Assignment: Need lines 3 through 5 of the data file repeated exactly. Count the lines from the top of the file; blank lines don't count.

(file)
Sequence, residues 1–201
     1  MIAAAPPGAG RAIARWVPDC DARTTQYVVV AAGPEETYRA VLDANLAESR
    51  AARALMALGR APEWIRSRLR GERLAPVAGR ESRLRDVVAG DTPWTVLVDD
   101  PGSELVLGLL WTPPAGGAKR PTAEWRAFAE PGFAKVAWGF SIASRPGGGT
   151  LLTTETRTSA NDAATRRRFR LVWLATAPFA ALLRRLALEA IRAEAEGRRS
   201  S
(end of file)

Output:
    51  AARALMALGR APEWIRSRLR GERLAPVAGR ESRLRDVVAG DTPWTVLVDD
   101  PGSELVLGLL WTPPAGGAKR PTAEWRAFAE PGFAKVAWGF SIASRPGGGT
   151  LLTTETRTSA NDAATRRRFR LVWLATAPFA ALLRRLALEA IRAEAEGRRS